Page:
A Logically investigation can reveal that a Kentucky-based documentary filmmaker, who collaborated on a 2018 conspiracy documentary with notorious QAnon influencer Jordan Sather, created a social media account that went on to anonymously promote QAnon material to hundreds of thousands of followers. At the time of the account’s ban from Twitter, qthewakeup counted over 140,000 followers and had over the years espoused various conspiracy theories and tweeted content targeting public figures such as the Clintons, George Soros, and Greta Thunberg. qthewakeup, whose Twitter bio described them as the “creator of the WWG1WGA Worldwide video movement,” also played an influential role in the spread of the conspiracy theory that Wayfair was using its website to sell children after a post from qthewakeup’s Instagram account, which counted nearly 200,000 followers at the time of its deletion, received more than 200,000 likes and thousands of comments. According to DFR lab, qthewakeup was also among QAnon accounts "at the center of the community clusters discussing the Plandemic conspiracy on Twitter." In April 2020, qthewakeup was even featured in two separate drops written by the anonymous poster known as Q on the imageboard 8kun, both of which linked to the qthewakeup Twitter page.
image: Media Matters
In a November 2019 tweet directed at Hillary and Bill Clinton, qthewakeup baselessly accused them of “literally rap[ing] children” and the “Clinton Crime syndicate” of murdering dozens of people. The account had also promoted an array of similarly baseless conspiracy theories, such as the idea that Luciferians, supposedly descendants of Nazi scientists possessing advanced technology from evil extra-terrestrials, had infiltrated the modern-day U.S. government. Footage shot by qthewakeup was also featured in Joe M’s "Q - The Plan to Save the World," a 2018 video from a propaganda series that experts say is responsible for converting many to QAnon.
image: Twitter/Wayback Machine
The Twitter account using the qthewakeup handle was created by Jeremy (JJ) Sicotte, a Berklee College of Music graduate and vocalist in several 2000s pop punk bands from Vermont who moved to California in 2007 where he eventually pursued a career as a filmmaker. Formerly a researcher for the American Paranormal Research Association, Sicotte collaborated with QAnon influencer Jordan Sather — who claimed that coronavirus could be cured by drinking a bleach-like cleaning agent — as a cinematographer on the 2018 film, Above Majestic, and was once also featured in an episode of Ghost Adventures on the Travel Channel.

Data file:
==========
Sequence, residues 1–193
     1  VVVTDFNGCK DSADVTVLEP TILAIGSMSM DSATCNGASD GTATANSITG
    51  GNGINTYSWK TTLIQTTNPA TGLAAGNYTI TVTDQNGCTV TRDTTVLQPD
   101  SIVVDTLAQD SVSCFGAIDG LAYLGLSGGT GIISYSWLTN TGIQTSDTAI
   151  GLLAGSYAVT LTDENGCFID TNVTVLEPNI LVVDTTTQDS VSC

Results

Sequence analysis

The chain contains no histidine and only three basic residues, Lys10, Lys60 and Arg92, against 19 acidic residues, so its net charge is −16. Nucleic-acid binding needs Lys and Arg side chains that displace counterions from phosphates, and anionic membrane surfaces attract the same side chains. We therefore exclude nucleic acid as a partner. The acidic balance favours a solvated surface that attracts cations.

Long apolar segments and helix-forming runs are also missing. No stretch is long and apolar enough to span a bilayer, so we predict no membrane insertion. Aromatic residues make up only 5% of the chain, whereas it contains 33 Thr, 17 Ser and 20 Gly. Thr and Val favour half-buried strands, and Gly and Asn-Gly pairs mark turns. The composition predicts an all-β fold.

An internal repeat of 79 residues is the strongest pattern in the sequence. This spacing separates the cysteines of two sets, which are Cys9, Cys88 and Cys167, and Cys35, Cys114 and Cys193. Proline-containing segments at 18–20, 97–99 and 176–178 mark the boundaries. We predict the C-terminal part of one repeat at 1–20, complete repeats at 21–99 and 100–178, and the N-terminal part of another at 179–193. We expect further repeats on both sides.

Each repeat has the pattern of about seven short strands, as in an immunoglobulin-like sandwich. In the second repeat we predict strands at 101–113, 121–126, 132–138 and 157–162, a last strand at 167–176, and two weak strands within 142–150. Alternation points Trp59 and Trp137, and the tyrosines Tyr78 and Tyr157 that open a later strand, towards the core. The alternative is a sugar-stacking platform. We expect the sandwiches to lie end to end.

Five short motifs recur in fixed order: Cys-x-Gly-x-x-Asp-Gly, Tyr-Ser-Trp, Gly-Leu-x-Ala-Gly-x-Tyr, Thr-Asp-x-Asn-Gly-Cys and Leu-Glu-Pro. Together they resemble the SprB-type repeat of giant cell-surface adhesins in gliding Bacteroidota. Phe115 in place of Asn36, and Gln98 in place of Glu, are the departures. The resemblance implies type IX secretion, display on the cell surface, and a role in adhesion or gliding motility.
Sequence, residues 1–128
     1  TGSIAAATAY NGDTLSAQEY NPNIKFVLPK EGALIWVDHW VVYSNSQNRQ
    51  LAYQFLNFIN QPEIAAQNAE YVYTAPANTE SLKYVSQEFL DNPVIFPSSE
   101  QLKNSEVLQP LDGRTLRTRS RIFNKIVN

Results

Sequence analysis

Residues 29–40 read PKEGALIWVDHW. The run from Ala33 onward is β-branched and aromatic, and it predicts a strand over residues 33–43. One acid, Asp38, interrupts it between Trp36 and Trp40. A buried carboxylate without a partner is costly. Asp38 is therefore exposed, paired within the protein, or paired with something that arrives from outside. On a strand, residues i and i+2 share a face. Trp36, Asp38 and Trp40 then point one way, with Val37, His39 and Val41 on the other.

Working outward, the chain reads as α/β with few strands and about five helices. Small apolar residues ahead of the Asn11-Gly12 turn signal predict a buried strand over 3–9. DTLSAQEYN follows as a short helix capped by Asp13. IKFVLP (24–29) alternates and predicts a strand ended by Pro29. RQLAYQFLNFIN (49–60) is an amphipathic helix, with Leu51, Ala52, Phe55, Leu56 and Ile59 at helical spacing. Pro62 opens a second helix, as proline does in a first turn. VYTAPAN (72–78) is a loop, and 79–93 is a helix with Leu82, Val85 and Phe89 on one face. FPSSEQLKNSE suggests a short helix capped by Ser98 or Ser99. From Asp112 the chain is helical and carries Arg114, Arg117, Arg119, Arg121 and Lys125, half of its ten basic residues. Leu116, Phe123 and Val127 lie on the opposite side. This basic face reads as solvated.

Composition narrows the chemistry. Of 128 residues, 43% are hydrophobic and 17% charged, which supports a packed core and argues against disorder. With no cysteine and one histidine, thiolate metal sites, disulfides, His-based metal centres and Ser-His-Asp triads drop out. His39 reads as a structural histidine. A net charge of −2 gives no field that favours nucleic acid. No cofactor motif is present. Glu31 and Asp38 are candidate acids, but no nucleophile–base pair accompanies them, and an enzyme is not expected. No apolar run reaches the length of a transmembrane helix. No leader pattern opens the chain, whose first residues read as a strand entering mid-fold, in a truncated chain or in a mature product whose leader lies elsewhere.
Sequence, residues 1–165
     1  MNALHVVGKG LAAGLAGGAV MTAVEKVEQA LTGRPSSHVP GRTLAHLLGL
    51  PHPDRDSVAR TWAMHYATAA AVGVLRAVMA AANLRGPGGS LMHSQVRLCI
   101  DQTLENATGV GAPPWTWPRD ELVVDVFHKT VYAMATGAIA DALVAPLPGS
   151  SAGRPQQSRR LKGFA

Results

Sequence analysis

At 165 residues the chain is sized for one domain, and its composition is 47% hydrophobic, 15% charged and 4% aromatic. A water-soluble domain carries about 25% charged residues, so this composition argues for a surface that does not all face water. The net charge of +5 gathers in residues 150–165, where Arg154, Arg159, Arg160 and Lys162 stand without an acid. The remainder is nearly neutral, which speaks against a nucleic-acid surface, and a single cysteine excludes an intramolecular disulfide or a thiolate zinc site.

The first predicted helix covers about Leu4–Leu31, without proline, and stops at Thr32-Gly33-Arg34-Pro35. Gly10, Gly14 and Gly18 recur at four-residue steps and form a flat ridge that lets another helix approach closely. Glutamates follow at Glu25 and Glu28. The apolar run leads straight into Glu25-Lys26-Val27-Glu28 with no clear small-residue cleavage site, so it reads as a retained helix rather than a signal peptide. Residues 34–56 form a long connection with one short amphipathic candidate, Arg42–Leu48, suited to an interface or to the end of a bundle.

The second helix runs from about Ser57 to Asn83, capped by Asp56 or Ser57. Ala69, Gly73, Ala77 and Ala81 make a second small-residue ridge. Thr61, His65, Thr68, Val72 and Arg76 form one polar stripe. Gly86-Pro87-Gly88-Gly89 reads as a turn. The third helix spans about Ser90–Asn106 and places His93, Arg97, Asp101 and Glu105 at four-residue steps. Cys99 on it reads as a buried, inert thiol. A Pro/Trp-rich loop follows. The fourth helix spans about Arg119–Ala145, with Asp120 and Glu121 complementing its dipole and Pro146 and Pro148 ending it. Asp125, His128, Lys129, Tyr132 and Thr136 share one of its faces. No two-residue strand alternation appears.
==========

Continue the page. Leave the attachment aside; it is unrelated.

In April 2020, after qthewakeup was mentioned in a Q-drop, Sather tweeted a congratulatory message: "My good friend just got Q'ed,” Sather wrote in a tweet, which was later retweeted by qthewakeup. “He helped me film Above Majestic,” the tweet added. “You go brother. Teamwork makes the dream work! WWG1WGA." Two days later, Q posted another link to qthewakeup’s Twitter account. “Hot damn!” tweeted Sather, “@qthewakeup with his second Q in three days!! This is my homie who helped me film Above Majestic and edits some vids for me! He’s got a dope Instagram too.”
images: Twitter/Wayback Machine
Originally created in 2009, the qthewakeup Twitter account first used the handle “jjfromjupiter” (Sicotte’s band at the time was called From Jupiter) and after a lengthy absence from Twitter, the account returned in March 2019 under the handle “jjin5d” and immediately started espousing various conspiracy theories and interacting with established QAnon influencers such as Sather and Joe M. The shift attracted concern from someone who had known Sicotte from his time with From Jupiter and worried that the account had been hacked; they were, however, promptly blocked and the following month the handle was renamed qthewakeup.
images: Twitter: Wayback Machine
(A tweet archived on June 16th 2020 and the original reply. jjin5d was renamed qthewakeup in April 2019, which is why qthewakeup appears in the archived version and jjin5d in the original.)